Hamed
British Spelling in American English?! Theatre/Theater. Just got curious. Have a look at this: https://upload.wikimedia.org/wikipedia/commons/7/7d/Dolby_Theatre_v2.jpg https://en.wikipedia.org/wiki/Dolby_Theatre The Dolby Theatre in Hollywood. I know that Americans use the –er ending instead of –re. Does anyone know why the British spelling of the word 'Theatre' is used in American English in this case? Thank you in advance.
Feb 26, 2017 7:27 PM
Answers · 12
Personally, I use the British spelling for "Theatre" and "Saviour" for no other reason than I prefer how they look over the American spelling.
February 26, 2017
Americans sometimes use the British spelling to make something seem fancier or more exotic. The predominant spelling is with the ter ending though.
February 26, 2017
It looks fancy. Really, that's it. Some people think "theatre" looks better than "theater," fancier, more sophisticated, older. So, when certain groups choose a name for their building (or for their group), they go with the British spelling. You will also see "Centre" from time to time in the US for the same reason.
February 26, 2017
Spelling differences between the US and the UK can be less absolute than people think. Often the supposedly "British" spelling is simply a less frequent US spelling. One example is "traveller," which is spelled with two ll's in the UK. In the US it is usually spelled with either one l, following Noah Webster's lead--but two l's are seen and don't look "wrong" to my eye. As I type this right now, my computer is putting a squiggly red underline under "colour," but not "traveller." General Lee (the great Confederate general in the American Civil War of 1861-4) had a horse named "Traveller," always spelled with two l's. Usually (but not always) we write "movie theater," as well as "operating theater" (in a hospital) or "theater of operations" (military). However, we usually use the "theatre" spelling for the names of theatres that present live stage productions, and for the theatre arts. For example, Emerson College in Boston offers undergraduate programs in "Theatre & Performance," "Musical Theatre," and "Theatre Design/Technology." It also operates the "Emerson Majestic Theatre." Fancy or serious movie theaters may call themselves "cinemas" or "theatres." Another example of a supposedly British spelling in the United States is provided by the village of Newton Centre, Massachusetts. Notice that this is the official, correct, legal name of the village.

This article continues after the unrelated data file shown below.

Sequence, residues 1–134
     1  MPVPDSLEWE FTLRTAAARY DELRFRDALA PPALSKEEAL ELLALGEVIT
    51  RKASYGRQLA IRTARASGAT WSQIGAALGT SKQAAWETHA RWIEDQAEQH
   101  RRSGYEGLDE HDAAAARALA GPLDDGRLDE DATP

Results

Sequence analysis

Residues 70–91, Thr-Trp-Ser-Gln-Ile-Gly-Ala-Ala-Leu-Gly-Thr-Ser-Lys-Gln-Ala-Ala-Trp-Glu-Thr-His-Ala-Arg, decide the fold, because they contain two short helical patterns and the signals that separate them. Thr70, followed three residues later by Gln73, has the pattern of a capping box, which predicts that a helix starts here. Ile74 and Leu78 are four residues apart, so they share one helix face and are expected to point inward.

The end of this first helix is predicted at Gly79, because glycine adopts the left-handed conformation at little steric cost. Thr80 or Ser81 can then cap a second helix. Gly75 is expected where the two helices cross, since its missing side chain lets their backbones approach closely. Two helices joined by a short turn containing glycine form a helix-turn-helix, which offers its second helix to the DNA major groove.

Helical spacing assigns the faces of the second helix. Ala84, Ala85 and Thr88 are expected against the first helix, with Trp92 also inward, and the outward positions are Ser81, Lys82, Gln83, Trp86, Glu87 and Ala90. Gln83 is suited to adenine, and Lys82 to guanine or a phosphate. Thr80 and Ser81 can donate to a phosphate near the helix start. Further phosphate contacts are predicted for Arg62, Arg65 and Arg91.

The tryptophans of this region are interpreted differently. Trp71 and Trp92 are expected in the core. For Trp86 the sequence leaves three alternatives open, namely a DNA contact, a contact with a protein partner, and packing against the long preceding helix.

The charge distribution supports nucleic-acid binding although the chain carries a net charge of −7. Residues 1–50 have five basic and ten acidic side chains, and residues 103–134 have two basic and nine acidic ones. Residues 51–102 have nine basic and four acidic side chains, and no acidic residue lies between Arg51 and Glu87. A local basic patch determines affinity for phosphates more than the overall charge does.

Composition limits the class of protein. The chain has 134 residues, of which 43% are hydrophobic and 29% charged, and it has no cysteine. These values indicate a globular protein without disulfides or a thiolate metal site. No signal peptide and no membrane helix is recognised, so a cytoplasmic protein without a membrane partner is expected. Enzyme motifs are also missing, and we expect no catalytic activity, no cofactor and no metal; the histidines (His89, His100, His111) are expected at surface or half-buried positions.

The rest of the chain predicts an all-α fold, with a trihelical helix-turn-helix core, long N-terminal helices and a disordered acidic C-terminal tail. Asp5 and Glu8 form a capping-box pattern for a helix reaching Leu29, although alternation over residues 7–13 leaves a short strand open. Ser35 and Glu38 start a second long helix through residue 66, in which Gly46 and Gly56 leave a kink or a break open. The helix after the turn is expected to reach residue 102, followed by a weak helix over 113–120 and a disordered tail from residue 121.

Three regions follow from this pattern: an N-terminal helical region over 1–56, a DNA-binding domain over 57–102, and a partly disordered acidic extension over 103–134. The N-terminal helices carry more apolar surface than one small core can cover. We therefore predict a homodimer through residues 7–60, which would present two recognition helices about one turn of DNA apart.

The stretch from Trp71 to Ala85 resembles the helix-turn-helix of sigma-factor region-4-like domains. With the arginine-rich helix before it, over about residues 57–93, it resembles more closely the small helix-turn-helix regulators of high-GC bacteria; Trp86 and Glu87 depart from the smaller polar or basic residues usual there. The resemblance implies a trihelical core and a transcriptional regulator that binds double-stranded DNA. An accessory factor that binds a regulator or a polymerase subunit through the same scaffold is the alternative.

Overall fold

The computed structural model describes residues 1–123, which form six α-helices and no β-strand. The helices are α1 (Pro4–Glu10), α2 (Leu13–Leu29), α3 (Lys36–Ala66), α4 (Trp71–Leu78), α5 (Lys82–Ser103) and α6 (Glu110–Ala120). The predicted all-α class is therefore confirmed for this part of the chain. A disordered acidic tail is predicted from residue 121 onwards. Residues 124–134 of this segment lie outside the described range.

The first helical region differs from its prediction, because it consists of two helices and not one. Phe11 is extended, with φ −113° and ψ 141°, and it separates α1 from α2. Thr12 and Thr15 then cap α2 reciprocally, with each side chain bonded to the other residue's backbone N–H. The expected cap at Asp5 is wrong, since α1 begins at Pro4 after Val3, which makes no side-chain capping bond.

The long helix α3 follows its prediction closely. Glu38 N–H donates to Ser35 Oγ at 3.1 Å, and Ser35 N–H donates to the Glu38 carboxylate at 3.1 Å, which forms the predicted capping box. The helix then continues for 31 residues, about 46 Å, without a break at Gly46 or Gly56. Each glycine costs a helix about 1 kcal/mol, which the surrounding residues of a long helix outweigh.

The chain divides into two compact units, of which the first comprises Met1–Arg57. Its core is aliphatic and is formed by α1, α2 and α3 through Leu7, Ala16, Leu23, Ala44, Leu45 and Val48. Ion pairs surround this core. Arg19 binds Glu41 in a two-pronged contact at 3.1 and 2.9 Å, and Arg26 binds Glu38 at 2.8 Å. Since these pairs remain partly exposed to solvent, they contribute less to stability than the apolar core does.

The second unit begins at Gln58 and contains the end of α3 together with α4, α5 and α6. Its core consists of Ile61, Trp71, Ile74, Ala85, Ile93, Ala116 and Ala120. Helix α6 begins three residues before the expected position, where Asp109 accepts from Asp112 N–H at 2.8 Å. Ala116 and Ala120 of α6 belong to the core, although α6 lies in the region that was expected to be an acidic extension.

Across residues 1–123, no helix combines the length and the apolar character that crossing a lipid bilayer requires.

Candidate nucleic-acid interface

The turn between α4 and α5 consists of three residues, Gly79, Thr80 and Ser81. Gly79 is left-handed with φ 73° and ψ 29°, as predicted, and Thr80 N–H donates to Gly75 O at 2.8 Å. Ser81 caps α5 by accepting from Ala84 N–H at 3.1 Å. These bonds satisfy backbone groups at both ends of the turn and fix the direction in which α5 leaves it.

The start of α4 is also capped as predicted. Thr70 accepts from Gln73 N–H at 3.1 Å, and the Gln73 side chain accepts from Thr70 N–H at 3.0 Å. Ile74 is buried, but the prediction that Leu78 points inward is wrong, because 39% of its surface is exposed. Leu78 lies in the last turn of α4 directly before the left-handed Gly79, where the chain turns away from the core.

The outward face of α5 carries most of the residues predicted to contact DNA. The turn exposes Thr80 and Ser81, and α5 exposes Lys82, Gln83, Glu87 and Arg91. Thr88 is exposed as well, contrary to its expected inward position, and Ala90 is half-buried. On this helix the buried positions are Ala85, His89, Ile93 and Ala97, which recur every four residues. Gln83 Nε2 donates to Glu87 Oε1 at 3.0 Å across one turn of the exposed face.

February 26, 2017
This is amusing: http://www.nytix.com/Links/Broadway/listofcurrenttheatres.html This is supposed to be a complete list of Broadway theatres, and every one of the forty-one spells its name "theatre." However, the "Al Hirschfeld Theatre" is managed by "Jujamcyn Theaters." And all of the "theatre notes" in the table use the spelling "theater" when it is not part of a proper name. Thus, the notes on the "Belasco Theatre" say "Broadway mogul David Belasco built this theater and named it after himself."
February 26, 2017
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